Yesterday was the day I was supposed to conquer a big goal—cross another item off my bucket list. However, sometimes when we plan out our agenda for the next couple months of our lives, it doesn’t always go as planned. I’ve learned that lesson more than I would like within the last couple months. Back in June, I ran my first 10k race and decided that perhaps, I could finally motivate myself enough to train for a half-marathon. I’ve always been content with running my usual four miles and pat myself on the back when I go further. However, I’ve never really felt a big gravitation towards half- or full-marathons. When a couple of my friends mentioned running a half-marathon together in September, I asked myself, “Why not?” I had always done well with road races in the past, why couldn’t I push myself a little harder to achieve this distance? So I trained more seriously for the event after my 10K in June. However, running didn’t seem to come as easily for me as it had previous summers. I often experienced stomach pain that caused me to either walk during my runs or cut my runs short. Other times, I would feel so lightheaded that I could not run the distances that I had planned for that day.
I was so frustrated with myself. Why now? Why was my body being so uncooperative now that I had finally committed myself to this event?
Finally, after visiting with a physician, I discovered that I had a gastric ulcer and my already low hemoglobin was now at a 9 (normal range is 12-16). In fact, I was later told by a family friend in the medical field that you can start getting blood transfusions at a Hgb of 8. I guess the combination wasn’t so great for half-marathon training. I decided not to let either interfere with my goal. The medication I received for my ulcer was working, and I had always had low iron, so why should I be effected now?
However, just a couple weeks before the day I would be competing, I trekked out for a 10-mile run. It was a perfect summer morning. While the conditions may have been perfect, I felt lightheaded throughout the run. After I had finished the run, I worked on my practicum hours with a registered dietitian. As we were cutting fruit for a salad, I got the “I’m going to pass out feeling.” (Unfortunately, I’ve had this feeling a few too many times with bad results.) Luckily, I caught myself before actually fainting, but I definitely was not feeling like myself. After talking with my mom about the situation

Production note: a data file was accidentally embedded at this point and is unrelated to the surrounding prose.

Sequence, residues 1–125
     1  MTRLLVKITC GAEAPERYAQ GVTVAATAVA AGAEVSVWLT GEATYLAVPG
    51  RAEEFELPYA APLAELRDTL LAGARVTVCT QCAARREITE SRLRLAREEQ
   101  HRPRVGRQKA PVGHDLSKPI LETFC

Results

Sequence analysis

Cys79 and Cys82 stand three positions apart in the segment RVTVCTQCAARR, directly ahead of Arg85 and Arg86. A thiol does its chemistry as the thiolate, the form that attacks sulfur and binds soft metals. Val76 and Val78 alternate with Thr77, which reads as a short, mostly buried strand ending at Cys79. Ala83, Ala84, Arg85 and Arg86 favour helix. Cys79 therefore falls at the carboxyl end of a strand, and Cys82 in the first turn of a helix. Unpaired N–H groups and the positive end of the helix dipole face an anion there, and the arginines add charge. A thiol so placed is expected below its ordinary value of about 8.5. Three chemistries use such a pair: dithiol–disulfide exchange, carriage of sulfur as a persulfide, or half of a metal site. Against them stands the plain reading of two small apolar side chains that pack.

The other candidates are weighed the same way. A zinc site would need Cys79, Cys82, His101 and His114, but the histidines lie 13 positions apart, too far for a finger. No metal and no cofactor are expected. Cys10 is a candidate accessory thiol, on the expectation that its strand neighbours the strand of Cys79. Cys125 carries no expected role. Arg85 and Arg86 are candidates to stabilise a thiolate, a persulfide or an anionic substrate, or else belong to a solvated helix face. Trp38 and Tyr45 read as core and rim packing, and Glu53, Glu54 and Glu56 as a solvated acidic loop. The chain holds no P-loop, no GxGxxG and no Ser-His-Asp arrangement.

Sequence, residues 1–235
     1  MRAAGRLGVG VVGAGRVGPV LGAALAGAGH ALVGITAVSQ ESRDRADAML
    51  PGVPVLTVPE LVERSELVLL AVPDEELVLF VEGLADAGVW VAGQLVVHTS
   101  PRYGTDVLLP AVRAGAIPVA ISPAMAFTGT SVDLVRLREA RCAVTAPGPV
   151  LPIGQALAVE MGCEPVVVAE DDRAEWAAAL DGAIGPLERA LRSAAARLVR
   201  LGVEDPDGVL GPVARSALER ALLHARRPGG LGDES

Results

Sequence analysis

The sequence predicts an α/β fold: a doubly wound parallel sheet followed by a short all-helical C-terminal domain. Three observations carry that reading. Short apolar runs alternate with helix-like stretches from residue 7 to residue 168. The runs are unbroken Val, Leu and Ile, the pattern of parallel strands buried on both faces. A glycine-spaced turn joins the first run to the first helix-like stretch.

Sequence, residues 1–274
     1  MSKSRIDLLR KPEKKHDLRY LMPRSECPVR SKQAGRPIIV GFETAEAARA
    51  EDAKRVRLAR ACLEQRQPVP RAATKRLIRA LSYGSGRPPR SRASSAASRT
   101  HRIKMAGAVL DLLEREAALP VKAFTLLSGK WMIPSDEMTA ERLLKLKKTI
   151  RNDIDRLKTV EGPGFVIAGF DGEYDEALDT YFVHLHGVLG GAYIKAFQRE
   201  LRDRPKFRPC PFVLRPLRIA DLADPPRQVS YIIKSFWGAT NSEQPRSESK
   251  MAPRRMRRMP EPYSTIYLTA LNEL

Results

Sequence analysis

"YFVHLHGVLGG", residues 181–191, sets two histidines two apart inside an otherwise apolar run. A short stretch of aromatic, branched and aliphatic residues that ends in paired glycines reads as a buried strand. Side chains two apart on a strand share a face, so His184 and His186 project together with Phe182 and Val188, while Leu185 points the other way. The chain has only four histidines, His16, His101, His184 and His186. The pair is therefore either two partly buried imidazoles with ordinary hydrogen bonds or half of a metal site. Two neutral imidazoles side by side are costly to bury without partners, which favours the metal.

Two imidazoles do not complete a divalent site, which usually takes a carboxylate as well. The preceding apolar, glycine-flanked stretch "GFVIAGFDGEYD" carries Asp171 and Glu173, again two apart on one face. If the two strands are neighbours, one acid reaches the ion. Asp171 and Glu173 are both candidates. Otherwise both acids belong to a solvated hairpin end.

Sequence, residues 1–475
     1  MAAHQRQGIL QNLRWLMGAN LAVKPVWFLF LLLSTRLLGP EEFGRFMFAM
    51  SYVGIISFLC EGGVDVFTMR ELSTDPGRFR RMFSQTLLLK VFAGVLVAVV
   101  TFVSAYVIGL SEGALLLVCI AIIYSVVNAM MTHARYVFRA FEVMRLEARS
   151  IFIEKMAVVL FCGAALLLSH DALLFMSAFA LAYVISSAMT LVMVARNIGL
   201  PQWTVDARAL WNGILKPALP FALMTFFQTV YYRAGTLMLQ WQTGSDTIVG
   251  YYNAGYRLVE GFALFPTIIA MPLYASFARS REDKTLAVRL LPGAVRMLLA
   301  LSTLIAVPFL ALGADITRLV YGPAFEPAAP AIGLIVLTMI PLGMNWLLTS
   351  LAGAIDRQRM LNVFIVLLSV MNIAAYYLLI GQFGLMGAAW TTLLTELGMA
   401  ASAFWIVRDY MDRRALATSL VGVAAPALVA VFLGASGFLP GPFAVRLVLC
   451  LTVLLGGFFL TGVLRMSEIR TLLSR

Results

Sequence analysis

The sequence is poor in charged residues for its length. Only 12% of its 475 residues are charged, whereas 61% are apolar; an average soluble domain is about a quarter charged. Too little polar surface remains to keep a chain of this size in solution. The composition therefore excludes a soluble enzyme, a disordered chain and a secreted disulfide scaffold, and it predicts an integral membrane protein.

embarrassment, she was very uneasy about me running the race, to say the least.
So, after talking with my physician again, it was decided that this is just not
my time in life for this particular goal.
Have you ever had that happen? You have your mind set on a goal, but then something interferes and you realize that it is just not your time. However, there is one thing I have learned from this discouragement—just let go and focus on the real goal. I received a bookmark once with a runner on the front and the Bible verse of Philippians 3:12-24. Upon first looking at it, you might think that it is an encouraging bookmark about persisting through a long run. However, after examining more closely, you realize that the goal is much different—the goal is eternal life. The verse says, “The prize is what God offers because of what Christ Jesus has done.” I, like most people, have a difficult time remember that our life here, on earth, is only temporary. In fact, God has much bigger and better plans for us.
I woke up yesterday morning and thought of all of the people achieving their goals at the race while I lay lazily in bed and I admit I was pretty bummed. I felt like a failure for not making it through my goal. However, after I went through a devotion for that day, I was so perfectly reminded of what the real goal is in this life.
Do not be discouraged friends, through whatever you are going through. Remember, we have so much to look forward to.